by David Zhang
In 2011, Japan faced a momentous disaster after the reactors of the Daiichi Power Plant melted down, releasing radiation in the Fukushima area. Over 160,000 people evacuated, leaving behind a desolate region saturated with radiation. Over the years, the area has recovered, although without human influence. The area which had once been contaminated is now filled with an abundance of wildlife.
A study done by the University of Georgia shows that wildlife has begun to inhabit areas within the fallout of the Fukushima nuclear disaster. “Our results represent the first evidence that numerous species of wildlife are now abundant throughout the Fukushima Evacuation Zone, despite the presence of radiological contamination,” said UGA wildlife biologist James Beasley.
Regarding the disaster itself, The Japanese government estimates it will cost $75.7 billion and take 40 years to recover from the entirety of the aftereffects, including cleaning up the plant itself. Using simulations and models of the plant, scientists are able to organize the use robots to speed up the cleanup process. Despite robotic advancements, one major obstacle looms over their practicality: residual high energy gamma particles can penetrate anything short of a thick sheet of lead or concrete. These particles scramble the electronics contained in the robot, reducing them to scraps of metal.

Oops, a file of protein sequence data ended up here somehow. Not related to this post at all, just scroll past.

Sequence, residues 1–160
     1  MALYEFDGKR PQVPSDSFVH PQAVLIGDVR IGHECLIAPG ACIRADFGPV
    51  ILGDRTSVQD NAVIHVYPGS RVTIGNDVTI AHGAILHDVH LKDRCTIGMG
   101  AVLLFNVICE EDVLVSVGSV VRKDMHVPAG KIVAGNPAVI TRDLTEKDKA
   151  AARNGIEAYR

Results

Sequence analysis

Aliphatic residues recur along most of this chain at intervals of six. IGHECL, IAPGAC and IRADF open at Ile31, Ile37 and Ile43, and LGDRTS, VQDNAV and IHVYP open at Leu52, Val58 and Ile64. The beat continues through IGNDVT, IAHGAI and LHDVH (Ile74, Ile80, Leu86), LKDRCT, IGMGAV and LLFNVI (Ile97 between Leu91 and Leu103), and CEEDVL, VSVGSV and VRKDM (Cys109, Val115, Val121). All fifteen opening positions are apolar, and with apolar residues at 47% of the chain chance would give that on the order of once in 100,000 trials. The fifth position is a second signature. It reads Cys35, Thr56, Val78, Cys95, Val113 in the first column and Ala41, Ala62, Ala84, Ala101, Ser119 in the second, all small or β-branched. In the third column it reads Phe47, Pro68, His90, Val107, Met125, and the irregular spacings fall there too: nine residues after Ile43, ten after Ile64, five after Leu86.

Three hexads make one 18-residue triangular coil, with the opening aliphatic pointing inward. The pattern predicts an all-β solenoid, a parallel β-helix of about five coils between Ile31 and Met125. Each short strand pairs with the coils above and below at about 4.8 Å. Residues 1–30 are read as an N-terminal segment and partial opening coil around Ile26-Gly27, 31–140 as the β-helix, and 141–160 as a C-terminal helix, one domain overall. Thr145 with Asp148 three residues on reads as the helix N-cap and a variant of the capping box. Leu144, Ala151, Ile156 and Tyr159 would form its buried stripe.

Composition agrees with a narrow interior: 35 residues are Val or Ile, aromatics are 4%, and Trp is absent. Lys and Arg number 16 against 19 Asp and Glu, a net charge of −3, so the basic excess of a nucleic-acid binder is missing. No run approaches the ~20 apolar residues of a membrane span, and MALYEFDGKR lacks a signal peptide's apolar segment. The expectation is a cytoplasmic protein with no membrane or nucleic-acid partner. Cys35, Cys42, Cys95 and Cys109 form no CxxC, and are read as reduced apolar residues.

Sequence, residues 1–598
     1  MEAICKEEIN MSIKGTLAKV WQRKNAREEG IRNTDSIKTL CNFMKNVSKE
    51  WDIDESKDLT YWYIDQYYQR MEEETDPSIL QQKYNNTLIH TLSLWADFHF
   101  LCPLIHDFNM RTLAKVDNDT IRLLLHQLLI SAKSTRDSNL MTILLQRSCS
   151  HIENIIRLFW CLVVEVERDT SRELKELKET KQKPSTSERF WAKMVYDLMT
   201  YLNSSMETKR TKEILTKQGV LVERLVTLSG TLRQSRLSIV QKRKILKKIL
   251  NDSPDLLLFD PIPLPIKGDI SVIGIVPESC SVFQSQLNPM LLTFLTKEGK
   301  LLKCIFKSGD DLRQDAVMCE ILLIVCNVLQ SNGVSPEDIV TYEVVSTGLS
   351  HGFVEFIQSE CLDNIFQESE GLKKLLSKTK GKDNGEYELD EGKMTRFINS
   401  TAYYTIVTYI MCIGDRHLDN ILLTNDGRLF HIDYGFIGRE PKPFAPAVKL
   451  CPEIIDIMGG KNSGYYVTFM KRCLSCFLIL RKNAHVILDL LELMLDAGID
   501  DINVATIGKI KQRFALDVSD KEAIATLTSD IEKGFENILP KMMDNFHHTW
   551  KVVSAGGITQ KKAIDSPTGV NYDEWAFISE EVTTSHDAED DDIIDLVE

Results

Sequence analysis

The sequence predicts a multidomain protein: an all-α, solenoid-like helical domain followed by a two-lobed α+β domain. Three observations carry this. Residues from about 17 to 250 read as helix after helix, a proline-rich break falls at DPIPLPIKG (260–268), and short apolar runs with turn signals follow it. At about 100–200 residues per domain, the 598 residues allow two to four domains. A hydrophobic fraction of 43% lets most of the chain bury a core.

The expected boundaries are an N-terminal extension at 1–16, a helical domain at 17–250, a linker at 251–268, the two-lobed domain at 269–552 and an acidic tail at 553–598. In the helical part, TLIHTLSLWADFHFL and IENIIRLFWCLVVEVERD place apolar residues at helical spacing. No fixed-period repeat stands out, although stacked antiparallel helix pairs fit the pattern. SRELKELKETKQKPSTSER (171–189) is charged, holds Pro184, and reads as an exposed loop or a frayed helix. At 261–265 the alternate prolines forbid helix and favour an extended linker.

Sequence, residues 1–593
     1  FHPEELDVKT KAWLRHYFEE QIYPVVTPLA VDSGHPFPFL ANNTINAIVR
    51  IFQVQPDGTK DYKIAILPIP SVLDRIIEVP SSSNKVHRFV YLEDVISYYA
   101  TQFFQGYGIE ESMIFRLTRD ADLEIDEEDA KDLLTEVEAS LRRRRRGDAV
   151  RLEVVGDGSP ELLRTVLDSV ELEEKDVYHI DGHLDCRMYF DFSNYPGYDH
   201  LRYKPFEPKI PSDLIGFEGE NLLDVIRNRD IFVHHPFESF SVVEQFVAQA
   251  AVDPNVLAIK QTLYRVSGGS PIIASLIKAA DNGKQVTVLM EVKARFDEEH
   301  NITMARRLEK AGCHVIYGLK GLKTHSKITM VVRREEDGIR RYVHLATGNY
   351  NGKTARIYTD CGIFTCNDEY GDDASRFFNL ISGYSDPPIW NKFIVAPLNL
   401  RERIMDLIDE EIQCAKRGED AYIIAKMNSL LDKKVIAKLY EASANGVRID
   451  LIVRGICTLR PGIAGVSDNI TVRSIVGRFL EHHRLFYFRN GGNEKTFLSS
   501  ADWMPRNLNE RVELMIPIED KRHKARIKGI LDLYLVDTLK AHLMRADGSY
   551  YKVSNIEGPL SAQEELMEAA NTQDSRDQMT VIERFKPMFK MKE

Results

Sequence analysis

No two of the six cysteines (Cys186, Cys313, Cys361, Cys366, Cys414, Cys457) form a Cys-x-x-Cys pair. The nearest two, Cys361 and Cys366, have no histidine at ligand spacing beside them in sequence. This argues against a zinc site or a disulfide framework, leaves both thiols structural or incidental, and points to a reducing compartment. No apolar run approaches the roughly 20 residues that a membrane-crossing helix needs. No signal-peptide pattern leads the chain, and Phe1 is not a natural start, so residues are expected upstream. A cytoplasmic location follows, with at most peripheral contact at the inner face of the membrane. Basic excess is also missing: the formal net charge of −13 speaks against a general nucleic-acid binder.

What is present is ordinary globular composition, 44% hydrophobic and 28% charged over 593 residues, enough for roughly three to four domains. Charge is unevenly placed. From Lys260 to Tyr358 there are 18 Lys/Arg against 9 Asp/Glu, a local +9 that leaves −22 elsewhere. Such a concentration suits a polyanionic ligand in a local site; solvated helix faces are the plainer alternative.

Cleanup is not the only issue that the Japanese Government faces, as the disposal of nuclear waste is no laughing matter. The U.S. spends over 38 billion a year on waste disposal from its nuclear plants alone, so the options must be considered carefully when dealing with this matter. Currently “The only option will be to drain it into the sea and dilute it,” Yoshiaki Harada told reporters in Tokyo. Such a choice will lead to obvious repercussions, but the complexity of this issue makes any alternatives much less appealing.
The Fukushima Nuclear disaster has left a perennial issue for the Japanese Government to deal with, an event that still haunts them nearly a decade later, and will likely persist for decades to come.